This is a guest post from Josh McCabe. He’s a busy guy as a drummer, worship leader, pastor, and husband. He also is the visionary behind NINEOFIVE and puts on awesome events and concerts for the church. You can connect with him on Twitter and Facebook. If you have something that you’d like to share with other worshipdrummers, learn how you can contribute here.
Drumming for worship can often be a tricky sort of thing. In most bands everyone is taught to follow the drummer, but in worship, that’s not always true. Though following the drummer is a good thing in worship, ultimately the worship leader is the one all musicians should be following.
This gets REALLY tricky for me sometimes. You see, I’m both a drummer and a worship leader (not at the same time!). When I was playing in Esterlyn, I often had this trouble, as sometimes I’d feel the song going one way and totally start playing as if I was the one leading worship — I wasn’t, and shouldn’t have.
The drummer needs to be on the same page as the worship leader, and through their playing communicate the vision to the rest of the band. An example would be, if the worship leader wants to bring the song back down, the drummer needs to do everything possible to make that obvious to the band (i.e. a slowed down fill using fewer tom hits).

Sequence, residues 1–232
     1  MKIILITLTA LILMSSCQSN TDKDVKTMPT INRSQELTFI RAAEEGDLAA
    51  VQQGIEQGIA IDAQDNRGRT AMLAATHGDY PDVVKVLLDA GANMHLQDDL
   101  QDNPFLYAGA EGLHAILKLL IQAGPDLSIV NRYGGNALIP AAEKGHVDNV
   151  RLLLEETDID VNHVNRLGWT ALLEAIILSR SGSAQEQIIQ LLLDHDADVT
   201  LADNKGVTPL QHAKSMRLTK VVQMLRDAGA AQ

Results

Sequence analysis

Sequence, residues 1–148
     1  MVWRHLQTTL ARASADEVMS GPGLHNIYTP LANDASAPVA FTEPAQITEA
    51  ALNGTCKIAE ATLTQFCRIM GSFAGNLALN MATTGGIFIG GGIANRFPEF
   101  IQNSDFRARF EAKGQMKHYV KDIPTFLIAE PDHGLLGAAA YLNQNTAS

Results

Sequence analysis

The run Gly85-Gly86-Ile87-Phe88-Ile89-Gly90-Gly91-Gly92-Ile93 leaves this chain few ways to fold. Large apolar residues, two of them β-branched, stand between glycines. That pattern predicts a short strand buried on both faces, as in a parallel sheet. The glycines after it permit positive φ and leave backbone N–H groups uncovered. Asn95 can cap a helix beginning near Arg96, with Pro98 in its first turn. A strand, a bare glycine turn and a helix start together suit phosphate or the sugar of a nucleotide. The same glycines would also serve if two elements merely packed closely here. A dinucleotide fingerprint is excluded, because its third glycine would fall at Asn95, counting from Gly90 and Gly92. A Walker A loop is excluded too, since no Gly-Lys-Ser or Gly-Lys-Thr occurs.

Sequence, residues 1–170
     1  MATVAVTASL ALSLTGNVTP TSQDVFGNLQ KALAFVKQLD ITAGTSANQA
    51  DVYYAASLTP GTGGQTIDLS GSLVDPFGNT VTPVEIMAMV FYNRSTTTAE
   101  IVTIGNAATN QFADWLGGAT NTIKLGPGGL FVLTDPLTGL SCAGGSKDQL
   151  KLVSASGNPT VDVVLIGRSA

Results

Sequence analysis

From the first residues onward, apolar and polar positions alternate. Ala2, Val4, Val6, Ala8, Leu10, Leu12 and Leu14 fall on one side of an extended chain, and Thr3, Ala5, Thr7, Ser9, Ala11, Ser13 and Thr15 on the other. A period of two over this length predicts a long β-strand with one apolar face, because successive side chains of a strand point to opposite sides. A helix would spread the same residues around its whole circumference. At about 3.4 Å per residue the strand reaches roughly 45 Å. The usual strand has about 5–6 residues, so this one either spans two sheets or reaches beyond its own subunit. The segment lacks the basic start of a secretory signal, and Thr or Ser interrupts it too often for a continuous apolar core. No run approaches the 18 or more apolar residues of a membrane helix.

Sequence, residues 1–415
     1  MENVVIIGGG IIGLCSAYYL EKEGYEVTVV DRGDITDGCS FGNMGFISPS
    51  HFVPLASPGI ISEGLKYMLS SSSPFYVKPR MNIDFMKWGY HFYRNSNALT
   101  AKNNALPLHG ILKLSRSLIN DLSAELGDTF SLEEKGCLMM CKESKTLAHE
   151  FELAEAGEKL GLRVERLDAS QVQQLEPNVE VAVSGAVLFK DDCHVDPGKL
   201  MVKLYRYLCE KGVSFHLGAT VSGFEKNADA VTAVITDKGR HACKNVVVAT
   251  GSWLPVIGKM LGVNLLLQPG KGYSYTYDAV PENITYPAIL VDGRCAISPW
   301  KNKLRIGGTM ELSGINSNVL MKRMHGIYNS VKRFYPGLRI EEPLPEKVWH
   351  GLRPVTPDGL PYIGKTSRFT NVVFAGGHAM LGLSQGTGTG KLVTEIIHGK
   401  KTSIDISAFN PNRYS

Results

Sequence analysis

You’ve got to be careful as the drummer not to start marching to your own drum, but rather to the drum of the worship leader (try wrapping your head around that analogy).
I highly recommend having a discussion with the worship leader before hand to find out his/her cues or tendencies. When I’m leading worship, if I want more intensity, I start stomping my foot like an angry man… but the drummer catches it and knows to keep building the intensity, or keep on going with the chorus.
Always be on the same page as the worship leader, remember, you are there to compliment them musically, not the other way around.[This post is part of the Pro WorshipDrummers series]